in 1080p AVC MPEG-4, in 1.37:1, in French Dolby Digital 1.0 with optional English subtitles

The film and the extras are repeated in standard definition PAL.

A 20 page booklet includes essays, credits, photos, transfer information, and acknowledgements. The first is simply "The Wages of Fear" by author and critic Andy Miller who breaks down the film and its release. Next is a positive 1954 review of the film by Karel Reisz for Sight and Sound magazine. "Henri-Georges Clouzot: Master of Suspense", a 2003 article by critic Paul Ryan is reprinted here, which discusses Clouzot's career and suspense films in brief.

The BFI release is packed with lengthy extras including two interviews licensed from Criterion, although the Criterion Blu-ray additionally had the following extras:

- Interview with actor Yves Montand (5:00)
- "Henri Georges Clouzot: An Enlightened Tyrant" documentary (52:34)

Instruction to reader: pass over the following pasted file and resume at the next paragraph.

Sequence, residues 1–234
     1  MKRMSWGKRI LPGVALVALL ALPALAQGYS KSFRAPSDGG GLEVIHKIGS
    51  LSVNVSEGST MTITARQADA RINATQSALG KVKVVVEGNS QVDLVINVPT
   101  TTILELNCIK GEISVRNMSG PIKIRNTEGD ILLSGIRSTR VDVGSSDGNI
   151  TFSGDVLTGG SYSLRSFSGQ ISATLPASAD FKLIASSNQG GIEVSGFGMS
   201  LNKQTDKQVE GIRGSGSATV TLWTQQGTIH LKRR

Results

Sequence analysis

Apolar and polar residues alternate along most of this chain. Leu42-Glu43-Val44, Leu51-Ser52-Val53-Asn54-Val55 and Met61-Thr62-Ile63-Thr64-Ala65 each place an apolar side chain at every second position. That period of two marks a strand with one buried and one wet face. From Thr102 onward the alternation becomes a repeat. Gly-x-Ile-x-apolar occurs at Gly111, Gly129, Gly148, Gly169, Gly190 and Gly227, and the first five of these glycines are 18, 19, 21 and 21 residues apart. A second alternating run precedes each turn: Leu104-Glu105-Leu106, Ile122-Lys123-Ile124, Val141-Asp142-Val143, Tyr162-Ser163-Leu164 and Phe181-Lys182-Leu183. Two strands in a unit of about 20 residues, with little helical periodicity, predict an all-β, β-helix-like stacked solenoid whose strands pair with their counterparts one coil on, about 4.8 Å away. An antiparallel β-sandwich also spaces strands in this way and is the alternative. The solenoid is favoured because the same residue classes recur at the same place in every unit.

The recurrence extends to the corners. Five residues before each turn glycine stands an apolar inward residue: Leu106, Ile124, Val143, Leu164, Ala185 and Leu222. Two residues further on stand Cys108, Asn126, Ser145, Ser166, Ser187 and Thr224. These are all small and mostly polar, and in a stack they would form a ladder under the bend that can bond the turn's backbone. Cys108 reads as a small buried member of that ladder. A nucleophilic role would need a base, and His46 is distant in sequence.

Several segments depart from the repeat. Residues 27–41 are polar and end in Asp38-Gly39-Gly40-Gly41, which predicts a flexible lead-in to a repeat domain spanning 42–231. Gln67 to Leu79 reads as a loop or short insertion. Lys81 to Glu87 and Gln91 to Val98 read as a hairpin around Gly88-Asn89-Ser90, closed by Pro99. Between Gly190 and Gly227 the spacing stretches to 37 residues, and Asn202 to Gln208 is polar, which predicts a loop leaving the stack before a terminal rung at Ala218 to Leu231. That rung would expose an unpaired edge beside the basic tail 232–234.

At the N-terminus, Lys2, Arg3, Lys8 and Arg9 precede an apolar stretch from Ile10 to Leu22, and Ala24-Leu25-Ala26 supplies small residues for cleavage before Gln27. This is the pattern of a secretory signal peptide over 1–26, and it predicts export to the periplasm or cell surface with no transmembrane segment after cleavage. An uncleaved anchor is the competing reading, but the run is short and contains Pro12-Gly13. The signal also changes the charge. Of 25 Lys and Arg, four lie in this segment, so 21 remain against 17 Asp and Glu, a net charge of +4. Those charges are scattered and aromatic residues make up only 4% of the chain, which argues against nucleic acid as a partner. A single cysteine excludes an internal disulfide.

- "Censored" featurette (12:12)

Those that already have the Criterion Blu-ray or 2-disc DVD should still keep it for those extras, but with the BFI release offering so much more, it is an easy buy.


More than 60 years after its original release, "The Wages of Fear" still continues to inspire, provoke, and amaze audiences worldwide, never losing its stride and never forgotten as one of the cinematic greats. The BFI release is excellent with the 4K remastered version of the film with the previously missing footage reinstated as well as excellent informative extras all around. Absolutely one of the best releases of the year.

The Film: A Video: A Audio: B+ Extras: A- Overall: A